"Could you please talk with Henry about not bringing toys to school. This is the second time I have reminded Henry about leaving toys at home. He is having a hard time not playing with them during the day. Both times I have asked Henry to put the toys in his backpack but somehow they end up back in his pocket. He continues to play with them during instruction."Funny enough, we actually pat him down before he leaves the house every day. It's like he's going through a police search, as we tell him to spread 'em and put his hands in the air. We'll then check his backpack, pockets, underwear - and any other garment or tote that he might attempt to hide a superhero or plastic dinosaur. And yet, he still manages to elude us and smuggle these things in to school. I'm not overreacting - I know it's kindergarten. But I can't help but feel that if I was able to spend more time in his classroom (um, make that any time) - I'd have a much better grip on his behavior and be able to help reinforce proper school manners. Like my friend who is home with her children and was able to write and illustrate a book for her son about etiquette in the classroom that she reads to him whenever she senses he needs it ... and she has that sixth sense because she volunteers in his class 15 hours per week.
Meanwhile, I was out of work for a few days sick this week. The monster virus strain(s) that have been ambushing us for the past few months, has now gone after my lungs and the whole act of breathing is a lot more difficult than it should be. It turns out I have allergies, and asthma. Things I never had in San Diego, but Northern Virginia and it's ragweed will do that to you. So on Thursday afternoon, after I ran around to different doctor offices and pharmacies to pick up my artillery of steroids and inhalers and prescription strength antihistamines, Charlie and I spent the rest of the evening playing tag team as we worked with the children on their homework, prepared dinner - cleaned up from dinner - and got everyone ready for bed. I also talked with the kids about how things were going with their friends on the social scene and one of the children confides in me that someone showed them a picture at school that they thought was inappropriate. So they kept it. In their backpack. As you can see - this photo from National Geographic has passed through many a third graders' curious little hands...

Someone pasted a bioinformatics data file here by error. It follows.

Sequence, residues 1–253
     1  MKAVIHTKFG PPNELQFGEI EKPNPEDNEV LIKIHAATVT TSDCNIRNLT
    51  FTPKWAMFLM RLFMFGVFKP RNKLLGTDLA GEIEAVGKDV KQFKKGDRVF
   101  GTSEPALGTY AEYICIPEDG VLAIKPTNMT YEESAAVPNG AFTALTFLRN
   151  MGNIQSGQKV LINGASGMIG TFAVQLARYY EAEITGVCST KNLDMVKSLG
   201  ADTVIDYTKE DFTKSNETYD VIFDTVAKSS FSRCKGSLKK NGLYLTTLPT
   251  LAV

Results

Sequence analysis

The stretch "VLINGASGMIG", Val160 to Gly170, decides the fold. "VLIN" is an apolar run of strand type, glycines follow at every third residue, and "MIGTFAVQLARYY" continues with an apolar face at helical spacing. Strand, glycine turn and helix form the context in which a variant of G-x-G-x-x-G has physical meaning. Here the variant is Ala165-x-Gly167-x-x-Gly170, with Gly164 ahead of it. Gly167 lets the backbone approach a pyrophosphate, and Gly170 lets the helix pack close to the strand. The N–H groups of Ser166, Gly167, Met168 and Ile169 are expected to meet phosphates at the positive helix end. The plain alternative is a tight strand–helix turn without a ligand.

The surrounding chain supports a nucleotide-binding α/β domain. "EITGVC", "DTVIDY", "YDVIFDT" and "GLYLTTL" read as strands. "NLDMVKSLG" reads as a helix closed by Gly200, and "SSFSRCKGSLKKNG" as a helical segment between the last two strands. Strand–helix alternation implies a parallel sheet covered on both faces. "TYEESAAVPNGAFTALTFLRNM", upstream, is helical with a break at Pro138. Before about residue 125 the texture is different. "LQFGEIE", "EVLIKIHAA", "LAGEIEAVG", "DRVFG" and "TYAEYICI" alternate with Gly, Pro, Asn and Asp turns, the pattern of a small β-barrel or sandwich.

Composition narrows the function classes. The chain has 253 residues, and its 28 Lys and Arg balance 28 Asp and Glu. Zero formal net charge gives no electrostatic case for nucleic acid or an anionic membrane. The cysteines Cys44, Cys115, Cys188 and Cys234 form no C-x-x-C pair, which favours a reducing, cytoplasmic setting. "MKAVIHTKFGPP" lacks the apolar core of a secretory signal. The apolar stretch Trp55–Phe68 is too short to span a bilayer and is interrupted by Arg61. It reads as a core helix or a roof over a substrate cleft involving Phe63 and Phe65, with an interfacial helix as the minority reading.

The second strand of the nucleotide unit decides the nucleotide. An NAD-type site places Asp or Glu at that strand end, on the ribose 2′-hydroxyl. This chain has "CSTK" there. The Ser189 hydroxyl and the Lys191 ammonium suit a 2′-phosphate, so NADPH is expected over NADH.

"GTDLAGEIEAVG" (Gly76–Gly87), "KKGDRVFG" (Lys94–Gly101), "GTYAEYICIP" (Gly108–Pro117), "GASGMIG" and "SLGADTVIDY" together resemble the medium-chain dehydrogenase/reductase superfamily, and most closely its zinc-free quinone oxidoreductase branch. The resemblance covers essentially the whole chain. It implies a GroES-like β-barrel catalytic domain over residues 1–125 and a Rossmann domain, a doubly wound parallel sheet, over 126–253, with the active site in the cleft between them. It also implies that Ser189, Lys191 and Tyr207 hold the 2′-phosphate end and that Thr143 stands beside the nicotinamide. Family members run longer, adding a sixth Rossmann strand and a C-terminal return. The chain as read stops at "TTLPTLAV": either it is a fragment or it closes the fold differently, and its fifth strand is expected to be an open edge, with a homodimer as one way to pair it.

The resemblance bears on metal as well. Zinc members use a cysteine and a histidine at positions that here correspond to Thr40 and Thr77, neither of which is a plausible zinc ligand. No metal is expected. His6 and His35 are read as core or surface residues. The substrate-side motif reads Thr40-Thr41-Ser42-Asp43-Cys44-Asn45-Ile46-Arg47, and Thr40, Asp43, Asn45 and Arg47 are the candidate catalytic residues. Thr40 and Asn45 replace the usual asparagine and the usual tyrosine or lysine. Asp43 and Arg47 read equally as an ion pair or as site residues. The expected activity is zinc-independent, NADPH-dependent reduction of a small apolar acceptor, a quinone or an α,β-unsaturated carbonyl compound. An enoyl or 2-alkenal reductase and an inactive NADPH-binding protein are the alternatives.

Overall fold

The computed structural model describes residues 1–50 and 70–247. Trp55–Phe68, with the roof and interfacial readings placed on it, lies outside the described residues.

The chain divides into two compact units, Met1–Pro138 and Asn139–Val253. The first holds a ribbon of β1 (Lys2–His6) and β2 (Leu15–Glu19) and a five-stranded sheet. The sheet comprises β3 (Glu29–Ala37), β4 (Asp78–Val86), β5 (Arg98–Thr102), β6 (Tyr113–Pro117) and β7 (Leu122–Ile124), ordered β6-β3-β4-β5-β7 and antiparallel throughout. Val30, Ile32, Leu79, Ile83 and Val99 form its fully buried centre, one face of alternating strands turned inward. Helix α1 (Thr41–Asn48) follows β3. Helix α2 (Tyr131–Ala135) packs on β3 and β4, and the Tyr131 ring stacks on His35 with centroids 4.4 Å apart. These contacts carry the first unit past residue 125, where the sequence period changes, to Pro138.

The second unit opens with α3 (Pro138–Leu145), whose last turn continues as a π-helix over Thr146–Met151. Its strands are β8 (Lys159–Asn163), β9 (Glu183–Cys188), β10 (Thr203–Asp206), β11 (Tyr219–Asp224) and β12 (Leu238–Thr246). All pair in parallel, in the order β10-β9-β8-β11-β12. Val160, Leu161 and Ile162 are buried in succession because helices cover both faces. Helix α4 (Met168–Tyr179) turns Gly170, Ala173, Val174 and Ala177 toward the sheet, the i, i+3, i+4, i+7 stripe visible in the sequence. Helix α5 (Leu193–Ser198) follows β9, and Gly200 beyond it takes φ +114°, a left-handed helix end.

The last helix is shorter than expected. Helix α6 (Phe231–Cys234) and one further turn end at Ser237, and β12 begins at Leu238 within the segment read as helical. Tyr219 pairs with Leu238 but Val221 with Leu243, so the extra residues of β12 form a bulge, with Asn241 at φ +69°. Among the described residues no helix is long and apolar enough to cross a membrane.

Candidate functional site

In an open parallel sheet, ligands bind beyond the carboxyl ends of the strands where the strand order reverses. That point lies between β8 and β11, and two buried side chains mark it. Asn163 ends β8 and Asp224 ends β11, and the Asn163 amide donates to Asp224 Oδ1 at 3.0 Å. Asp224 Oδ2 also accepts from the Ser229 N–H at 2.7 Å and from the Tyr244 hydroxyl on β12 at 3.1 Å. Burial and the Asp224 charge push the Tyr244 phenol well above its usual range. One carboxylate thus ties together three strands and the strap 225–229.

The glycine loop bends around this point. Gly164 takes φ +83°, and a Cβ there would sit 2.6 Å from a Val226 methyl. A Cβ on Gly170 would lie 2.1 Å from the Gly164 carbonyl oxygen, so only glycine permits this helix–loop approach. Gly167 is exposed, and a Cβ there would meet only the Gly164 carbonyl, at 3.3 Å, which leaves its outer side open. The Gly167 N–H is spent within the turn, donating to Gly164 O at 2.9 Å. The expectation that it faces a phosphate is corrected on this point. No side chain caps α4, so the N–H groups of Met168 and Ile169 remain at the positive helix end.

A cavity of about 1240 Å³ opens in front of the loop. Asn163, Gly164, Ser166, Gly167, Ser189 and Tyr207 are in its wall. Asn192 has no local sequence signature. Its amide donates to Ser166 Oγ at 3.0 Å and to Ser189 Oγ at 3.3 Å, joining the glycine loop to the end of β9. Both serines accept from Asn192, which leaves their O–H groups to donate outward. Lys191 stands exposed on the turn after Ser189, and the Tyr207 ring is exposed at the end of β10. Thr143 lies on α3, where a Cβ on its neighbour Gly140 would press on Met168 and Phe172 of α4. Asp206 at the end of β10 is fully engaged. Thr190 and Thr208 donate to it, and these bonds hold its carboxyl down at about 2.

As I was tucking them in, Elizabeth says to me, "Mom, I'm beginning to think that you're not going to be alive by the time I graduate from high school." Alarmed by her statement I wheezed, "Why would you say that?!" and she replied, "Because you keep getting sick, you've got wrinkles on your face, and your hair is turning very, very white."
For the record, it's called GROWING OLD GRACEFULLY and you children are definitely expediting that process what with letters being sent home from school every week; growing up faster than I can blink and bringing home pictures of naked people from Asia that were hijacked out of the elementary school library's National Geographic magazine; and climbing trees to touch electric lines when you're not standing directly next to me holding my hand. But thank you for your words of affirmation.